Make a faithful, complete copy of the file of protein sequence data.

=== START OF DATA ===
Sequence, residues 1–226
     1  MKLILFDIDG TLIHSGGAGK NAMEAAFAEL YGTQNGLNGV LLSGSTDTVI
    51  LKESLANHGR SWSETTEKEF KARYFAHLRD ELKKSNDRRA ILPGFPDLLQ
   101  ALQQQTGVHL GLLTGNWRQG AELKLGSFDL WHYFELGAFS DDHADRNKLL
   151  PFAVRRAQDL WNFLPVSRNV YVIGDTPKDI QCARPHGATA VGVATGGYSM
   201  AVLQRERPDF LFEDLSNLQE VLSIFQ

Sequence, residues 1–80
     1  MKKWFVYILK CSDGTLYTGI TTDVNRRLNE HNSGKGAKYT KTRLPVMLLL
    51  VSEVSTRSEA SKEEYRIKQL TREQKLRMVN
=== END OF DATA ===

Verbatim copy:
Sequence, residues 1–226
     1  MKLILFDIDG TLIHSGGAGK NAMEAAFAEL YGTQNGLNGV LLSGSTDTVI
    51  LKESLANHGR SWSETTEKEF KARYFAHLRD ELKKSNDRRA ILPGFPDLLQ
   101  ALQQQTGVHL GLLTGNWRQG AELKLGSFDL WHYFELGAFS DDHADRNKLL
   151  PFAVRRAQDL WNFLPVSRNV YVIGDTPKDI QCARPHGATA VGVATGGYSM
   201  AVLQRERPDF LFEDLSNLQE VLSIFQ

Sequence, residues 1–80
     1  MKKWFVYILK CSDGTLYTGI TTDVNRRLNE HNSGKGAKYT KTRLPVMLLL
    51  VSEVSTRSEA SKEEYRIKQL TREQKLRMVN